Wednesday, May 27, 2009

The Bailouts Are Above All a Moral Problem

27 May 2009

John Hussman, President of Hussman Investment Trust, has stated in simple terms what is wrong with the bailout process.

It has diverted funds from hopeful and productive enterprises to wasteful and inefficient activities. The cost? Our future wealth, health, productivity and morality.

Mr. Hussman states:

"The bailout is not something "neutral" that cancels itself out, but instead amounts to a transfer of trillions of dollars of purchasing power directly and indirectly from those who didn't finance reckless mortgage loans to those who did. Farewell to the projects, innovation, research, investment, and growth that might have been financed by the savings and retained earnings of good stewards of capital. Those funds are being diverted to the careless stewards who now stand to be made whole.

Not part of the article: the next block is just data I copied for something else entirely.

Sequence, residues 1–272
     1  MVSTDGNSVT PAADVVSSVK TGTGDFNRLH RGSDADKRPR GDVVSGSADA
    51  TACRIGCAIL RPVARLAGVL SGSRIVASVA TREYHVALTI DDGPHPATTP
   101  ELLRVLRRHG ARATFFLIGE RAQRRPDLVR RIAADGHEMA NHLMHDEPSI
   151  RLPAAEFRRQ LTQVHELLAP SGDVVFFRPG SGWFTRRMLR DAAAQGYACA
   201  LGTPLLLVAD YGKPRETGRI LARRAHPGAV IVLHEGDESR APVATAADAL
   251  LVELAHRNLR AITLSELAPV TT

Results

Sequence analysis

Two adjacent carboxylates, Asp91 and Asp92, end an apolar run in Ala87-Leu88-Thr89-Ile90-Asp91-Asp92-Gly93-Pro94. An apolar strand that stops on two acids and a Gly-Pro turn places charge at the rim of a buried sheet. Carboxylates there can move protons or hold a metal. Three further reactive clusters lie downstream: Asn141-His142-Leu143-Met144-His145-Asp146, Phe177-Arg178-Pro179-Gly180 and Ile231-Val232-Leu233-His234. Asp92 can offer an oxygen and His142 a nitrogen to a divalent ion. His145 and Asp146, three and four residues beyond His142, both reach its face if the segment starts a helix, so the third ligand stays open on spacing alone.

"In short, these bailouts are emphatically not neutral to society as a whole, because they damage incentives and divert productive resources into hands that have proven themselves to be reckless and incapable. To believe that the bailouts are just money we owe to ourselves is to overlook serious ethical implications, as well as distributional and incentive effects."

What else is there to say?

Well, perhaps I do have one point to add....

Now that we are funding vice rather than virtue, what becomes of the bigger issues at stake in the world? How does waste on this scale impact the chances of war versus peace? International cooperation versus conflict? Responsible government versus cronyism and promotion of special interests? Opportunity for all versus inequality? Hope versus cynicism? Moral progress versus moral dissolution?

We have not yet begun to count the costs, both financial and non-financial, of the greatest bailout of the reckless by the responsible in world history. The costs will inevitably be greater than those that are presently being reckoned.

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